FIG. 1 is an elevational side view of a tapping device constructed in accordance with a preferred embodiment of the invention and showing a depth gauge scale on the body thereof;
FIG. 2 is an exploded perspective view illustrating the parts of the tapping device shown in FIG. 1;
FIG. 3 is an elevational view with portions of the device being cut away and illustrating the device in its starting position prior to the tapping operation;
FIG. 4 is an elevational view with portions of the device being cut away and illustrating the tap in partially extended position within the opening being tapped;
FIG. 5 is a fragmentary view of the device illustrating the position of the depth gauge when the tap is in the partially extended position shown in FIG. 4;
FIG. 6 is an elevational view with portions of the device being cut away and illustrating the tap and device in fully extended position; and
FIG. 7 is a fragmentary view of the device illustrating the position of the depth gauge when the tap and device are in fully extended position shown in FIG. 6.DESCRIPTION OF THE PREFERRED EMBODIMENT
Referring to FIG. 1, a hand-tapping device 10 of the invention is shown in a vertical elevation. With reference to FIGS. 1 and 2, the device 10 includes an adjustable tap chuck 12 having gripping means 13 for gripping and receiving a standard tap 14. The chuck 12 has an upper cylindrical portion 16 having a flat-top surface 17 and a cylindrical cross bore 18 for receiving a lock pin 20.
A cylindrical tubular housing 22 is provided with diametrically opposed holes 24 for receiving the lock pin 20 which secures the housing 22 to the chuck 12 after the cylindrical portion 16 of the chuck 12 is inserted within the lower end of the housing 22. The upper end of the housing 22 has a slightly enlarged cylindrical portion 25 which has an outside diameter slightly larger than the outside diameter of the lower end portion of the housing 22. The central portion of the housing 22 is provided with an axially extending graduated scale 30 (FIG. 2) on its outer surface.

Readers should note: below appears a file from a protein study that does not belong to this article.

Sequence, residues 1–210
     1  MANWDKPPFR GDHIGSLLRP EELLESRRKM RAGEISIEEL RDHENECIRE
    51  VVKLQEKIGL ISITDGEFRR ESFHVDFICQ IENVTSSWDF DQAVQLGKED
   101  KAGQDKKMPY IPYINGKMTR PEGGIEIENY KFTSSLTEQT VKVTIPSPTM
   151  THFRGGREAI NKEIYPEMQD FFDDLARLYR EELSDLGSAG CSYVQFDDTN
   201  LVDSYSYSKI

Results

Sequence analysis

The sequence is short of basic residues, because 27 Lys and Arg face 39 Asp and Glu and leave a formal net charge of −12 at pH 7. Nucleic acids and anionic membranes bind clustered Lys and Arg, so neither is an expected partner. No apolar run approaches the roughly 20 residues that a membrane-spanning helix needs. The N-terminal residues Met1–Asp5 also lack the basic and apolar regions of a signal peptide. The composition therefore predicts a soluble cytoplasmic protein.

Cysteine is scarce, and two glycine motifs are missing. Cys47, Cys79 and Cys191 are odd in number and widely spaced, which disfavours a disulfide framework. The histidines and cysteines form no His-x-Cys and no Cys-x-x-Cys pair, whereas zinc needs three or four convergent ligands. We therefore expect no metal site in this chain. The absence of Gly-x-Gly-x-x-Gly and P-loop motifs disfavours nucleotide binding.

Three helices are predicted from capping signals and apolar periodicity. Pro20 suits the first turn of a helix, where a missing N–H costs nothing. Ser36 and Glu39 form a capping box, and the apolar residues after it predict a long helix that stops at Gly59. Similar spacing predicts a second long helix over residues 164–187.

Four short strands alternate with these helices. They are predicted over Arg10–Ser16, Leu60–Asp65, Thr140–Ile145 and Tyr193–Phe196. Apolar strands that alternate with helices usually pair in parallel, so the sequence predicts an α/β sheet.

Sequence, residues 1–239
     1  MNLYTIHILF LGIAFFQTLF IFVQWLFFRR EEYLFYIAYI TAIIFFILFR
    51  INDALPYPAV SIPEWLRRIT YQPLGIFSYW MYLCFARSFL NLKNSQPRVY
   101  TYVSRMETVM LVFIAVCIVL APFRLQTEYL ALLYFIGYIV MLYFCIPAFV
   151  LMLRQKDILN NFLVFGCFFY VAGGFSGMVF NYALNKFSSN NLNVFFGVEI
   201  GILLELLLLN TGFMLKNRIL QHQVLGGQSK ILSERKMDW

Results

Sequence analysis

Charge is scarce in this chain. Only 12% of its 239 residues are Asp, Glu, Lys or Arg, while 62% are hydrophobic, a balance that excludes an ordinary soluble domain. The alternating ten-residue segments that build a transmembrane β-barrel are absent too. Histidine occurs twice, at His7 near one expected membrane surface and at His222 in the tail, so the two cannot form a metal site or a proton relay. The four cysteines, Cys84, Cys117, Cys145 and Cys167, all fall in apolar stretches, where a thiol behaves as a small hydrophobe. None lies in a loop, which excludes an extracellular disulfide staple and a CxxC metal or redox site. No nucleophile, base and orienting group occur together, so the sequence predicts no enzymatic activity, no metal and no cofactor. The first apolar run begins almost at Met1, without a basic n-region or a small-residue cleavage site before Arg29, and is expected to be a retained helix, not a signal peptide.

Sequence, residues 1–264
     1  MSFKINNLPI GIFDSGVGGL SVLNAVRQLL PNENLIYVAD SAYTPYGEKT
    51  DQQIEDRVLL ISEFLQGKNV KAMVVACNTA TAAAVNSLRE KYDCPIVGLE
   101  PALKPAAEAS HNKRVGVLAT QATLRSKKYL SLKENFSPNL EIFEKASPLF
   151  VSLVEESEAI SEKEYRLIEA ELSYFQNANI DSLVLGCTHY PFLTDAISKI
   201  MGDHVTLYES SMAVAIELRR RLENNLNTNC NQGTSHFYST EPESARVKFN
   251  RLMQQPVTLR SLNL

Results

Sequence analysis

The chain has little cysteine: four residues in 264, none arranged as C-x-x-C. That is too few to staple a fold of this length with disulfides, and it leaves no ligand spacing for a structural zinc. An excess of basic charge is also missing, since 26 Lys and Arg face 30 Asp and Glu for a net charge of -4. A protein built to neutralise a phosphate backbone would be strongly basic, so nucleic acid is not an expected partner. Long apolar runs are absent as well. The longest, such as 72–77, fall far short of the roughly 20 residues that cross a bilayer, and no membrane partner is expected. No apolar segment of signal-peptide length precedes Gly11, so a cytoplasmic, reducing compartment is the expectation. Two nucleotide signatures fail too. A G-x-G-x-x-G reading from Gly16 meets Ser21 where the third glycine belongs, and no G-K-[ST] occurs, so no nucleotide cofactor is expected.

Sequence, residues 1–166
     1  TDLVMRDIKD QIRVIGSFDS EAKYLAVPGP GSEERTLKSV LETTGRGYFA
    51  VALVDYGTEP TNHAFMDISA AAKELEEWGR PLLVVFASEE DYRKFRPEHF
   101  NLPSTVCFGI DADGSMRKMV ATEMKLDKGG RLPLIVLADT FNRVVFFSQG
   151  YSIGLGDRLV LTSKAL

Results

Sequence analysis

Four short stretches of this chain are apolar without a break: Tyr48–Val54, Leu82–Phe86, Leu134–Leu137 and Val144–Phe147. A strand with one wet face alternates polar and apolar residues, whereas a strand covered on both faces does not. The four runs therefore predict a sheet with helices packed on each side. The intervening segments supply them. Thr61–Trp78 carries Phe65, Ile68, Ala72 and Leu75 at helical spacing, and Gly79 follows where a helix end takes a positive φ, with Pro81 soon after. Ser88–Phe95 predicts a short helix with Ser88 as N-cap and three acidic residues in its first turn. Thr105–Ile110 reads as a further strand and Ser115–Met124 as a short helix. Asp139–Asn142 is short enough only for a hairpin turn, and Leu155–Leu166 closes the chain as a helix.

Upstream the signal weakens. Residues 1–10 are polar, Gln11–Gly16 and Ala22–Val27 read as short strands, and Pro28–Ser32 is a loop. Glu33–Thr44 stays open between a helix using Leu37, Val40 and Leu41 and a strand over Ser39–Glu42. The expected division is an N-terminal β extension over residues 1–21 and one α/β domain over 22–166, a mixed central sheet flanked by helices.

The upper portion 25 of the housing 22 is provided with diametrically opposed holes 26 for receiving a cross pin 28 which secures the housing 22 to a driving rod 40 which is described below. The pin 28 is preferrably of a length which will be flush with the outer surface of the upper portion 25.
A compression spring 31 is positioned within the housing 22, with its lower end bearing against the top surface 17 of the chuck 12 and with its upper end bearing against the bottom surface 41 of the driving rod 40.
Referring to FIGS. 2 and 3, the device 10 further includes a cylindrical tubular sleeve 33 having an inner cylindrical bore 34 (FIG. 3) which slideably receives and engages the upper portion 25 of the housing 22. This arrangement provides an axially slideable guide enabling the upper portion 25 of the housing 22 to move axially within the inner bore 34 of the sleeve 33 and on the outer cylindrical surface 42 of the driving rod 40.